Friday, May 25, 2012


."One Hour/One Painting" proved its worth again yesterday evening, this time at the studio of my friend Gregg Chadwick.  The studio is located in a  former airplane hanger at the Santa Monica Airport, so we had a good deal of aviation noises to contend with--planes flying low overhead, landing and taking off.  And the sight lines were not as good for some as I would have wished: we had a full house, and the two rows were necessarily stretched rather widely across the studio, leaving some participants viewing the picture at too steep an angle.  Still, to judge by the response cards and the conversation afterwards, most people managed to compensate for this and were fully engaged.

Gregg is not only a painter but also a big reader--his bookshelves in the studio crammed with a great diversity of interesting books--and a fellow-blogger at Speed of Life.  If you have not visited there, I hope you will.  He brings an artist's vision to everything he writes about.  For the occasion, he had used the biggest studio wall to hang this picture...

... "Balance of Shadows."  (Great title, by the way!)  It's a fine, large painting, ideally suited to the purposes of "One Hour/One Painting" in its rich combination of color and light, surface texture and underpainting, image and abstraction.  The central figure, balancing on a slack rope that loops across the canvas, seems to levitate, dancing on pure light.  The color of his robes suggest a Southeast Asian monk.  Closely observed, the brushwork to left and right reveals subtle landscape elements--rocks and trees--suggesting a blend between the spiritual traditions of the far east and the aesthetic traditions of the West as far back as the Renaissance.  Buried in the picture, some of them barely discernible, are other figures, marching soldiers, Gregg told us later--a reminder of one of those disastrous and eventually futile US military misadventures in Asia.  The painting's title reminds us that light, indeed, proceeds from darkness, and that the search for the middle path is always a balancing act.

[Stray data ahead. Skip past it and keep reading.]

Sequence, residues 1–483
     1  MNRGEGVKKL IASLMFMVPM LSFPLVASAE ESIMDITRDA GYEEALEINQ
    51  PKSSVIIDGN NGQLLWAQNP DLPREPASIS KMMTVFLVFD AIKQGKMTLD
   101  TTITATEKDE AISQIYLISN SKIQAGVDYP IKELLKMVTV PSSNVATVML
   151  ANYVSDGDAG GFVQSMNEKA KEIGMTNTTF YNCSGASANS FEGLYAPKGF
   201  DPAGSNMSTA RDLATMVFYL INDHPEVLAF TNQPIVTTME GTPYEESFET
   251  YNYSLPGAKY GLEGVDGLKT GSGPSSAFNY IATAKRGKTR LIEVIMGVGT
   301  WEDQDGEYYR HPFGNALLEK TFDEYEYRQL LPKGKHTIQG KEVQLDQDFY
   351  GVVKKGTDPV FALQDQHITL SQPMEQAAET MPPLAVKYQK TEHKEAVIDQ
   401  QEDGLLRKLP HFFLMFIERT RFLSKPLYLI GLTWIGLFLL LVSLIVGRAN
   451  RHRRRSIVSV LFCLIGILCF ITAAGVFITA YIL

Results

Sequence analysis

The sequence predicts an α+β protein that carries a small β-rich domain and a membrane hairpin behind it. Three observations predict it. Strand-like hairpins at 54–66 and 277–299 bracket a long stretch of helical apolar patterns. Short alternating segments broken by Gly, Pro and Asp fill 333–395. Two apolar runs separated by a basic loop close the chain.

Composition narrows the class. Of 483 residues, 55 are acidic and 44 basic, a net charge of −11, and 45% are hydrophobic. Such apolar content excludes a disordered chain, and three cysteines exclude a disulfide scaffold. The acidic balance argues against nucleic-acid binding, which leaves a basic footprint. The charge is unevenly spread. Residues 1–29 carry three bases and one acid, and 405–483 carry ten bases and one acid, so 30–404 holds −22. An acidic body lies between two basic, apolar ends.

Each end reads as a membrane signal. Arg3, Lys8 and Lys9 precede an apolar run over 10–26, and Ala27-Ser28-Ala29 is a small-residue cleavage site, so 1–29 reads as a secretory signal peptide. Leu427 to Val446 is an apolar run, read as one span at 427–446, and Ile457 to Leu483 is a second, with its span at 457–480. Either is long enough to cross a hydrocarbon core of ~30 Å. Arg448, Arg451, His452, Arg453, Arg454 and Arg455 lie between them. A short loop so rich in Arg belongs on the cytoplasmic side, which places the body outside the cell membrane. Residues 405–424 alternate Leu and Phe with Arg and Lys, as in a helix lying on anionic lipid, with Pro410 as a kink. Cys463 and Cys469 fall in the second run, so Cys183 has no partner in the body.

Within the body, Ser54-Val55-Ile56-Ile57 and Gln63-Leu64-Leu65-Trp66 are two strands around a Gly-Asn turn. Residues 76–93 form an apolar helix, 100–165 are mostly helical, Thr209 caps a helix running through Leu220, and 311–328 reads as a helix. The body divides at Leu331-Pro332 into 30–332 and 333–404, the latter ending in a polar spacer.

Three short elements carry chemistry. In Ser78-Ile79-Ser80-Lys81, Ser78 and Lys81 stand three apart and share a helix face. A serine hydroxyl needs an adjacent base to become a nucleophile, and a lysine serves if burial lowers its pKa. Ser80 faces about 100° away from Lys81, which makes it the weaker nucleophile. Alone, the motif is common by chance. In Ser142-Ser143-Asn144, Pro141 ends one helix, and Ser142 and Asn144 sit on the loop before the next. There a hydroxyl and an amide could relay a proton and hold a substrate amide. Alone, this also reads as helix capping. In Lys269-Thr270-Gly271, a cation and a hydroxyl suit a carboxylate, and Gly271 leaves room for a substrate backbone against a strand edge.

An enthusiastic response, then, to an hour of guided meditation and contemplation.  It's a great way to come to know a painting.  The discussion that followed the silent sit was lively and profound.  The experience went deep.  The talk could have gone on much longer, I think, but I chose to bring it to a close, fearing that the memory of the event might become too wordy.  It is not often, when I do these sessions, that the artist joins us.  In this case, Gregg was clearly gratified by the response to his work--and I was grateful to him for providing not only the great painting for us to look at, but also for the studio space and, afterwards, generously, a supply of snacks and beverages.  By the time I left for the drive home, there were still a good number of participants left, deep in conversation.

This session marked the first time "One Hour/One Painting" has been videotaped.  I had submitted an article about the experience to Tricycle magazine and, while they declined the article itself, they inquired about a video for possible inclusion on their online meditation site.  Gregg's cousin, David, a professional in the field, kindly volunteered to do the job, so I'll be interested to see how it turned out.  I suggested that he tape my introduction first--I stand at the front to explain something of the history and the process of the event--and then follow my guidance through the painting for the remainder of the hour.  If nothing else, it should be a great exploration of "Balance of Shadows."  I'll let you know if and when it appears on Tricycle.

Thanks to Gregg, thanks to David, and thanks to a great group of participants.  I have the feeling that I'll be seeing some of them again at future sessions.  The next one, by the way, is on Tuesday, June 5 in the William Turner Gallery at Bergamot Station.  The artist is Ned Evans.  I'll be putting out more information shortly.

1 comment:

Doctor Noe said...

This just in ...
… a Doctor Noe's Gadgets blog post here:

Doctor Noe's Gadget: Mick Taylor – Return of the Boo-Ga-Wee